Driving this margin expansion was primarily improved results from Europe/South America/Indian operations, which Tenneco reports all together. This segment (basically rest of the world from North America besides AsiaPac) has been a bit of a pain in Tenneco's side. Operating margins have run half of that of the North American operations, and that is part of the reason why the company has started some restructuring here. Already, we're starting to see some improvement here, driven by both restructuring gains and a general improvement of foreign economies, especially within Latin American and Indian operations.
Share Buyback Tailwinds. Basically due to how this business works, Tenneco traditionally runs an operating cash flow deficit early in the year due to working capital adjustments. The company sees large increases in receivables and inventories that gradually fall off, as it sells through its products and customers pay what they owe, heading into the traditionally stronger automotive sales market in the back half of the year.
This creates a situation where most of the company's free cash flow hits the books later in the year, and it has to tap its revolving credit facility in situations where it needs cash. This is why we've seen Tenneco borrowing against the revolver increase from $105M at year-end to $288M at the end of the first quarter. The company is generally restricted from using revolver cash to finance buybacks, so you'll see more of its buyback executed in later quarters. This is a pattern that was executed in 2015, which saw share buybacks accelerate from just $11M in Q1 to $28M in Q2 to $114M in Q3 and $54M in Q4. There is no reason to suspect anything different this year, and these buybacks should help the stock along as the company rolls into what should be strong years for Tenneco in 2017 and 2018.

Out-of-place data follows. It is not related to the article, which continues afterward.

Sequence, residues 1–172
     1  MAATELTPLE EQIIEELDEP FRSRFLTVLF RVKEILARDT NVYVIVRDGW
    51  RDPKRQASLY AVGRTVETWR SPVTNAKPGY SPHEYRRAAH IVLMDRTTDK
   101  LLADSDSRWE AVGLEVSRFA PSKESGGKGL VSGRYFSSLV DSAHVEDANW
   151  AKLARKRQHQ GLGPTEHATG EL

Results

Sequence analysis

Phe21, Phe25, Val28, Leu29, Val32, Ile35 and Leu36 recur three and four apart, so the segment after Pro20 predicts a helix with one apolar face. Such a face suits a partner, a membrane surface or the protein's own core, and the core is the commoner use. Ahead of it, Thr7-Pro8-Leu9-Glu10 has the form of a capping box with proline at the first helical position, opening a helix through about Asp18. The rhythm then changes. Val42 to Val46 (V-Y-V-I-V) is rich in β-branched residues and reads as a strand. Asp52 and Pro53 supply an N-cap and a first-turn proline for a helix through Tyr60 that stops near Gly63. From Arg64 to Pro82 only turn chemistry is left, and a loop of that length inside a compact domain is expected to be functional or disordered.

The market is coming around to the fact that Tenneco is a solidly operated company. There is simply no reason why it should trade at 5x EV/EBITDA, heading into what will be a period of solid growth for the company through 2018.
Automotive stocks in general have carried exceptionally low valuations throughout the past couple of years, but automotive sales have done better than expected, and Tenneco really is best-of-breed when it comes to this segment. My fair valuation has fluttered between $60-$70/share for this company, more so towards the high side of that range now that we've seen a little bit of confidence come from management in regards to potential 2016 results. Assuming $550M in 2016 operational cash flow and $300M in capital expenditures, the company would trade a 5.4% free cash flow yield at $70/share, which still represents a solid discount to the rest of the market - especially considering almost certain cash flow growth as it sees 17% total revenue growth through 2017 and 2018. While the easy money on this one is likely gone, I still think it represents a good value for investors to pick up if they missed the early boat on this one.
Disclosure: I am/we are long TEN.
I wrote this article myself, and it expresses my own opinions. I am not receiving compensation for it (other than from Seeking Alpha). I have no business relationship with any company whose stock is mentioned in this article.